WEAP shared the importance of a new vision and a new strategy built around the human right to health care, as well as specific tools we use to advance comprehensive health care reform as a part of a new social contract. We put forward the importance of linking health care reform to poverty elimination.
This St. Mary’s session concluded with discussion about activism, and how taxpayers can direct funds that reflect their values and not those of elected officials. WEAP emphasized the importance and significance of empirical and qualitative data on social reform. Accordingly, each student filled out a health care addendum to WEAP’s human rights violation survey report, providing an invaluable service towards the education and advocacy for human rights for all.
Women Organized to Respond to Life-threatening Disease (WORLD) in Oakland
On October 20th, 2009, WEAP held a Leadership Training and Information Session in conjunction with Women Organized to Respond to Life-threatening Disease (WORLD) in Oakland. Our discussion of tragically inadequate treatment of the sick and poor was bolstered by the presence of WORLD members and people from Life Long Medical Health Clinic, each with their own personal experiences.
WEAP’s Human Rights framework was brought into the training early as a tool to change the health care narrative, creating a moral responsibility to provide health care for all. By focusing on the importance of this responsibility, and the importance of reporting rights violations, we are better able to understand our situation today and what we need to work towards.
CJTC Santa Cruz: Building a Movement to End Health Disparities and Poverty
On May 19, 2009 WEAP’s Executive Director, Ethel Long-Scott, was invited to speak as the 10th Annual Spring Speaker during an event organized by The Center for Justice, Tolerance, and Community (CJTC) at UC Santa Cruz. In a packed room of approximately 300 people, Long-Scott spoke passionately about health care and poverty issues, as her talk was themed “Health Care is a Human Right: Building a Movement to End Health Disparities and Poverty.” Covering the broad, structural reasons for our country’s economic turmoil to begin, she also spoke about how single payer, universal health care could help millions, challenging the audience to participate in the creation of a broad movement for health care that is a human right . The following morning, several WEAP members met with two UCSC student groups, Chicanos in Health Education (CHE) and the Black Science Network (BSN) during a breakfast meeting sponsored by El Centro Resource Center. The purpose of this meeting was to re-emphasize the importance of the human rights framework in the health care struggle and the use of educational tools when advocating for health justice.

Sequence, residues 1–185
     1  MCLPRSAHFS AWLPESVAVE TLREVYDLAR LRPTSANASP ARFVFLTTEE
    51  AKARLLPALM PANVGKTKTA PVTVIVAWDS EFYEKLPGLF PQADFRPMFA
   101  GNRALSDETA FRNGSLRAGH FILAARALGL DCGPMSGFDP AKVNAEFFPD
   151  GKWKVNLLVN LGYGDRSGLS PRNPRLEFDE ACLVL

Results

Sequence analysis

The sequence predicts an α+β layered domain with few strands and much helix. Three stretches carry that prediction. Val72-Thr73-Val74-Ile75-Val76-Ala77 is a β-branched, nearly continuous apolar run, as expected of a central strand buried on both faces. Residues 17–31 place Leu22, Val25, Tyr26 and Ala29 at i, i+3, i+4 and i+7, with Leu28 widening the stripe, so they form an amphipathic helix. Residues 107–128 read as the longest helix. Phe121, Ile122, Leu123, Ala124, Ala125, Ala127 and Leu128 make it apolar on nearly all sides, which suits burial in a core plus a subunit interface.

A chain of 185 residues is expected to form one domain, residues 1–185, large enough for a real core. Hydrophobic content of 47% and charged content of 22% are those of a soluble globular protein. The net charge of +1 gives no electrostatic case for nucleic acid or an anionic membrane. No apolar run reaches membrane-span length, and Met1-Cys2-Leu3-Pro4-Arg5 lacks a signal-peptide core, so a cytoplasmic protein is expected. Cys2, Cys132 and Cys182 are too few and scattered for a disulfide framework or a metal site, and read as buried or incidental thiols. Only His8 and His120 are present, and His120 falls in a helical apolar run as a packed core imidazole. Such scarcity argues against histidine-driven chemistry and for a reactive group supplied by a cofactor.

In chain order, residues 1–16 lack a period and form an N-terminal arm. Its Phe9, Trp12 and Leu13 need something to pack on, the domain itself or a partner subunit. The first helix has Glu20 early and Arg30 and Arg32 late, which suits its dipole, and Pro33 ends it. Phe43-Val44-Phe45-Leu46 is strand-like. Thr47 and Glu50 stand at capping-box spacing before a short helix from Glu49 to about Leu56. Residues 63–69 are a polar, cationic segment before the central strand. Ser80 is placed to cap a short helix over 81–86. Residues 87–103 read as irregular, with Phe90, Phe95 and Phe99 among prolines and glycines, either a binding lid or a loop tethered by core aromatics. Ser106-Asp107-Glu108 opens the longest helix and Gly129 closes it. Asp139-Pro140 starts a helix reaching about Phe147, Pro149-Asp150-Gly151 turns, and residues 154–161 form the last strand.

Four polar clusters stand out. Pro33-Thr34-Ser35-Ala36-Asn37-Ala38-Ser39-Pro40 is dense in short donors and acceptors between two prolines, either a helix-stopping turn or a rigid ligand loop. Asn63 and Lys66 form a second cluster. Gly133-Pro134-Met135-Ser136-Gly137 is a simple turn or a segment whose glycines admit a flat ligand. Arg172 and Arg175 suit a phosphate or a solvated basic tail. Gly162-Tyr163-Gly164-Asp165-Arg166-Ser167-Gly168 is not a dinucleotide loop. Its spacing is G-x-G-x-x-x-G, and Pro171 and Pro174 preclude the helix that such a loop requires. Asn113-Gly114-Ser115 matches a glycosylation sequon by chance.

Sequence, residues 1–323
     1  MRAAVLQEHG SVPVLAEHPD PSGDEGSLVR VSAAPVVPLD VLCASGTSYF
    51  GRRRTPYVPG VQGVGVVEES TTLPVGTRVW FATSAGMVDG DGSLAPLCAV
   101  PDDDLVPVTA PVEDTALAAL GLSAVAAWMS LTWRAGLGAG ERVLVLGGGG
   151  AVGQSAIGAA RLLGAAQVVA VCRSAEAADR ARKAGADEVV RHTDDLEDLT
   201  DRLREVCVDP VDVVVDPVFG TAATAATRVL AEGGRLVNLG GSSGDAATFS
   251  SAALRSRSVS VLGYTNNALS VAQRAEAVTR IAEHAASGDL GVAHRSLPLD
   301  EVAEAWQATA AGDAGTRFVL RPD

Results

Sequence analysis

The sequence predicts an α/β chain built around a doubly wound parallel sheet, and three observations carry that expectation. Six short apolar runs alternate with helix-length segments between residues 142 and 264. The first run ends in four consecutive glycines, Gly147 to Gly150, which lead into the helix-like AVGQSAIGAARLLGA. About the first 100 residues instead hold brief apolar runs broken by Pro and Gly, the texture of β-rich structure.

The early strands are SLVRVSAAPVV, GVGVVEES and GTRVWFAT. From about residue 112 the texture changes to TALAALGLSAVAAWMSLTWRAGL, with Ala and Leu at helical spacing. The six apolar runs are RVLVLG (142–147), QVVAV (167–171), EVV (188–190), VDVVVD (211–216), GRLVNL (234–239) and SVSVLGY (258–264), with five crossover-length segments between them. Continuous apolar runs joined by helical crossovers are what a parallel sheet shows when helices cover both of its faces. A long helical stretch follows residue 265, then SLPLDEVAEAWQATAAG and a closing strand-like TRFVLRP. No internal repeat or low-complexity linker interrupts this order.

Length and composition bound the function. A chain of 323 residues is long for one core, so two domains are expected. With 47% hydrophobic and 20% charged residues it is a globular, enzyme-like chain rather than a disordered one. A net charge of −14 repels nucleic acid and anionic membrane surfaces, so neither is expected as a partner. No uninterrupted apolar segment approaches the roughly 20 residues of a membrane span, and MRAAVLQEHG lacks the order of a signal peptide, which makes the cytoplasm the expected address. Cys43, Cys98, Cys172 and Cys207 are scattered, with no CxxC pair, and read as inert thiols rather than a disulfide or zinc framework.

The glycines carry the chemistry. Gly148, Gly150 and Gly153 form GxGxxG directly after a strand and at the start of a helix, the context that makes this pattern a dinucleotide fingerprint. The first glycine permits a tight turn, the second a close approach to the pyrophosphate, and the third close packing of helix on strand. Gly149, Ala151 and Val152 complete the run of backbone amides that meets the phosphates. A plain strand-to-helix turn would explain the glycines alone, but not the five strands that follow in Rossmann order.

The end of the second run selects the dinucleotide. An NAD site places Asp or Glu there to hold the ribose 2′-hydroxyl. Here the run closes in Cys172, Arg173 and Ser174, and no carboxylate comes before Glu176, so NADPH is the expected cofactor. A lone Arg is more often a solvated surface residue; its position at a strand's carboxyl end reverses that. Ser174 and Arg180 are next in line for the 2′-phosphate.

On April 29th at Mills College in Oakland and again on April 30th at St. Mary’s College in Moraga, WEAP put on two screening events for the documentary, The Water Front. Earlier this year, WEAP joined the Water Rights campaign, which is lead by the Michigan Welfare Rights Organization. This campaign seeks to raise awareness about the increasing dangers of water privatization, domestically and internationally, and to stop local water shut-offs. Both screenings of the film were largely lead and facilitated by WEAP student interns from Mills and St. Mary’s College and were shown primarily to other students, family, and community members. Both screenings also included a post-film discussion, in which audience members expressed their outrage about the very apparent human rights violations that take place in the film. If you are interested in learning more about the fight to secure our human right to water or are interested in putting on your own screening, please contact firstname.lastname@example.org.